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Study notes

Families - Life Course

  • Levels: A Level
  • Exam boards: AQA, Edexcel, OCR, Eduqas, WJEC

The life course refers to the social phases we progress through, throughout our lives. Traditionally, these were seen as quite fixed, especially for women (who would be expected to be dependent on their parents until being married, at which point they would be dependent on their husbands and bear and rear children).

However, the personal life perspective, suggested by Carol Smart among others, suggests that increasingly individuals are able to make choices about their life course: to try and plan it and make choices for it. They are not completely individual actors, unaffected by social forces; gender, social class and other factors will influence their life course, but it will not determine it.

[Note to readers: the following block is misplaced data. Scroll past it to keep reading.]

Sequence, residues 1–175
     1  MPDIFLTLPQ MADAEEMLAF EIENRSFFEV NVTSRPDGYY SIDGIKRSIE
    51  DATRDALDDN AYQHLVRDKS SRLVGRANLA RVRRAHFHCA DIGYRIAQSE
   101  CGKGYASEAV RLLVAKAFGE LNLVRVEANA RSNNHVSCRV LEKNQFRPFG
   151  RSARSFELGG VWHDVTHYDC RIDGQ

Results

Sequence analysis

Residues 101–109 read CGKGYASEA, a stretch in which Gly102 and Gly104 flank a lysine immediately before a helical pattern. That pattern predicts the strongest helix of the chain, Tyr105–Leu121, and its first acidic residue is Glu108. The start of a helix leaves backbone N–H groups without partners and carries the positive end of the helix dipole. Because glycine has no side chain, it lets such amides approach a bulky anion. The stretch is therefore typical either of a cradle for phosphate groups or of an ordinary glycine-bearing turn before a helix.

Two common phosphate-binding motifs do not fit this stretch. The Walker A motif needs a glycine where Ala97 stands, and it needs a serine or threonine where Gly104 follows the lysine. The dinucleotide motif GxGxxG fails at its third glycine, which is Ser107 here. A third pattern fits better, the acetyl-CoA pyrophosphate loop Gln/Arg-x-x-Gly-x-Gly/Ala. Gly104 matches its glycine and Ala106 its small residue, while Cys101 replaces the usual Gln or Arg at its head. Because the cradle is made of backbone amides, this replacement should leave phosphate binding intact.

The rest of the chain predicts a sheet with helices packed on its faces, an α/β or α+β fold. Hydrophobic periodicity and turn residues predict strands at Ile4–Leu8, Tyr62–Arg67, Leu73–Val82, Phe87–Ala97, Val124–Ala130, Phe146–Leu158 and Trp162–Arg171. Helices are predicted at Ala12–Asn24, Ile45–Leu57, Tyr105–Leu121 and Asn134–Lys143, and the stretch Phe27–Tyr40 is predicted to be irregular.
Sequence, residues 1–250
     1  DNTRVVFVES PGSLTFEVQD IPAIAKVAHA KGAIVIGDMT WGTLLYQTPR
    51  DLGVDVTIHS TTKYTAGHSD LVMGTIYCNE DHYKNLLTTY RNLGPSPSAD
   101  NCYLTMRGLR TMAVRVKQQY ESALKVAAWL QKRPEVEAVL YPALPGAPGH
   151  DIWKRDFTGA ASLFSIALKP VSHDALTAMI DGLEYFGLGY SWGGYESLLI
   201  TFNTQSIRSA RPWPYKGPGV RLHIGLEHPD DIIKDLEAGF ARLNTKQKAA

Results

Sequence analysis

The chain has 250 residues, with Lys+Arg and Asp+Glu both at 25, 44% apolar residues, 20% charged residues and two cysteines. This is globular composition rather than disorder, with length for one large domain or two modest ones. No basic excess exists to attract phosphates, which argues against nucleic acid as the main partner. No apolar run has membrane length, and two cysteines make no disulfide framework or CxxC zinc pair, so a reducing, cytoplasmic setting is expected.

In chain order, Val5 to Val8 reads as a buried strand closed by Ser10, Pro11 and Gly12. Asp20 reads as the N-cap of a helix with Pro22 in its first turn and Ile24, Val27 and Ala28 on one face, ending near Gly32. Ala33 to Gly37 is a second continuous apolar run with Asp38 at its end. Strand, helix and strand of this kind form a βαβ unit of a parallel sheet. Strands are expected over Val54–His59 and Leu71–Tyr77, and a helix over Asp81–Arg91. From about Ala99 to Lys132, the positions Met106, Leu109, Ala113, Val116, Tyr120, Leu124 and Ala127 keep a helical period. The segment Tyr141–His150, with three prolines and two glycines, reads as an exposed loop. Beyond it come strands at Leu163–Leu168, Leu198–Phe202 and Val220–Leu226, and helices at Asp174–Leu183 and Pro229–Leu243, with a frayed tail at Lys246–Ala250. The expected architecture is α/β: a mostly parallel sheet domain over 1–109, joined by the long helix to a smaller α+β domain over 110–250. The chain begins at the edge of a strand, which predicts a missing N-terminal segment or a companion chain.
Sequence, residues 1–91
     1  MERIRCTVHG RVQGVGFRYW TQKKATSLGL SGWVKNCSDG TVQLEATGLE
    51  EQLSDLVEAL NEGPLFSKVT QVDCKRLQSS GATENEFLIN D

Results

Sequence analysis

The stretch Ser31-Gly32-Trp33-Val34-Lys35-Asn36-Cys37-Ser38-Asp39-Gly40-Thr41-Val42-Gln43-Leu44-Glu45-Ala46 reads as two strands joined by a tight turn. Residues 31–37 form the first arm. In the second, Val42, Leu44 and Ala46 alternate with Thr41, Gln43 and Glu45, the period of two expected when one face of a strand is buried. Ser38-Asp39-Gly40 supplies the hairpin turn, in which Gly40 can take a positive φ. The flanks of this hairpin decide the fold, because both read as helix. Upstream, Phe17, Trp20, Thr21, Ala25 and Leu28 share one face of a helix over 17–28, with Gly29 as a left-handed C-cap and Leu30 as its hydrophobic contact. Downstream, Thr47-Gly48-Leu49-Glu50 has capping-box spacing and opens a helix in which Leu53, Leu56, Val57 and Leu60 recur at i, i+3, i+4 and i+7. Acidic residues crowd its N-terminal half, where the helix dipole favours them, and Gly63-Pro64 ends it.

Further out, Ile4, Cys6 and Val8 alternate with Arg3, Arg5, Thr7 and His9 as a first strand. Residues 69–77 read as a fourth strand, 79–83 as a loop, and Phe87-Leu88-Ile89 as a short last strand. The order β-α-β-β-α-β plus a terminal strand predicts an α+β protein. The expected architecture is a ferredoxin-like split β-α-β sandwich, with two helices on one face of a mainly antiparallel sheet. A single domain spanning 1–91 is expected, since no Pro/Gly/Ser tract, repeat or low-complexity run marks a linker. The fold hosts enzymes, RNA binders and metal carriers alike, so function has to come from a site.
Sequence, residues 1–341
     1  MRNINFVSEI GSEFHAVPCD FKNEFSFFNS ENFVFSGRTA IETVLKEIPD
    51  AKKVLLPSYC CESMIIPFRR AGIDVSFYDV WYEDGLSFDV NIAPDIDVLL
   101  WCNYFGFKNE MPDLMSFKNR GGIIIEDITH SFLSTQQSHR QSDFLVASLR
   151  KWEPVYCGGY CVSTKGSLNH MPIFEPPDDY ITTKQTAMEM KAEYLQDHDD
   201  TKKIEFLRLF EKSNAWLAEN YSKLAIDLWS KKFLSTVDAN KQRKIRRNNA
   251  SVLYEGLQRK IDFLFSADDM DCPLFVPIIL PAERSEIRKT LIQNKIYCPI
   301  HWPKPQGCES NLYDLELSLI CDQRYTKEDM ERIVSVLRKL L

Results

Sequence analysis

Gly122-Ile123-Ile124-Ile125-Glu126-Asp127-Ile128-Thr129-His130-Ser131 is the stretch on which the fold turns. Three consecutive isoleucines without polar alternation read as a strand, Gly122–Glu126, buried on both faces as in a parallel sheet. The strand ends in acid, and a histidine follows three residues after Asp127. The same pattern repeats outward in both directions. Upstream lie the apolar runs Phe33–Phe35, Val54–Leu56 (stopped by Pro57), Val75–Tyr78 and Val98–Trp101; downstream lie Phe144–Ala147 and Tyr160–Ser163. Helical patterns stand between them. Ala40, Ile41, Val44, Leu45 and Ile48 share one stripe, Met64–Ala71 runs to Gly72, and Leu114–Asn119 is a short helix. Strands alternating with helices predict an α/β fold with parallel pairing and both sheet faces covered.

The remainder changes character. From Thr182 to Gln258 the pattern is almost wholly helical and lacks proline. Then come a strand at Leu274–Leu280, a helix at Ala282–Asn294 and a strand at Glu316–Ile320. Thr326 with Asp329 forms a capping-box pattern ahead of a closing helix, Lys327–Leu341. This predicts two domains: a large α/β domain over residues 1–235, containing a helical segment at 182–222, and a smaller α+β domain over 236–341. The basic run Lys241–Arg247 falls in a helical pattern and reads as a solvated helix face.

By thinking about the life course in terms of personal life rather than simply family, we can see how diverse that life course can be. Many young people spend a significant time outside a traditional family-based household, either living with friends, flatmates or alone. The work of both Judith Stacey and Jeffrey Weeks support Smart’s position with Stacey looking at the way women in particular have been able to change families and choose structures that suit their needs, and Weeks focusing on choice and people being open-minded. Stacey wrote about how people would form relationships with people who were not kin, for example divorced women maintaining relationships with their ex-husband’s extended family. However, Weeks also supports Chester’s conclusion that, despite all these trends, most people still live in apparently traditional family structures (couples with children) as shall be discussed in the next section.

The way people’s personal life changes through their life course is a key element of family diversity too, as most people live in several family forms and household structures through their lives.

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